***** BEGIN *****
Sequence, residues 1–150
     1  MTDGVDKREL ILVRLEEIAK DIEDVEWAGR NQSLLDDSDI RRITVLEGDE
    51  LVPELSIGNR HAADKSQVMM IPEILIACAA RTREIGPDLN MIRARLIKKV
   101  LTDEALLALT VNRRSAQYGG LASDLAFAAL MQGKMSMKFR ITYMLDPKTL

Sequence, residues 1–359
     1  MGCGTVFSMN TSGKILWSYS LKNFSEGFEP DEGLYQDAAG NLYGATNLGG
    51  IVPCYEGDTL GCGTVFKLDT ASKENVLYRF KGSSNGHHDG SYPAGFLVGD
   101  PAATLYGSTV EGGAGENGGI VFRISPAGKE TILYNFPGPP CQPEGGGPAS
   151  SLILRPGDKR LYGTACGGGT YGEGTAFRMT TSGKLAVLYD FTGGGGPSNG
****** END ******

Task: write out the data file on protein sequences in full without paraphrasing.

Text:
Sequence, residues 1–150
     1  MTDGVDKREL ILVRLEEIAK DIEDVEWAGR NQSLLDDSDI RRITVLEGDE
    51  LVPELSIGNR HAADKSQVMM IPEILIACAA RTREIGPDLN MIRARLIKKV
   101  LTDEALLALT VNRRSAQYGG LASDLAFAAL MQGKMSMKFR ITYMLDPKTL

Sequence, residues 1–359
     1  MGCGTVFSMN TSGKILWSYS LKNFSEGFEP DEGLYQDAAG NLYGATNLGG
    51  IVPCYEGDTL GCGTVFKLDT ASKENVLYRF KGSSNGHHDG SYPAGFLVGD
   101  PAATLYGSTV EGGAGENGGI VFRISPAGKE TILYNFPGPP CQPEGGGPAS
   151  SLILRPGDKR LYGTACGGGT YGEGTAFRMT TSGKLAVLYD FTGGGGPSNG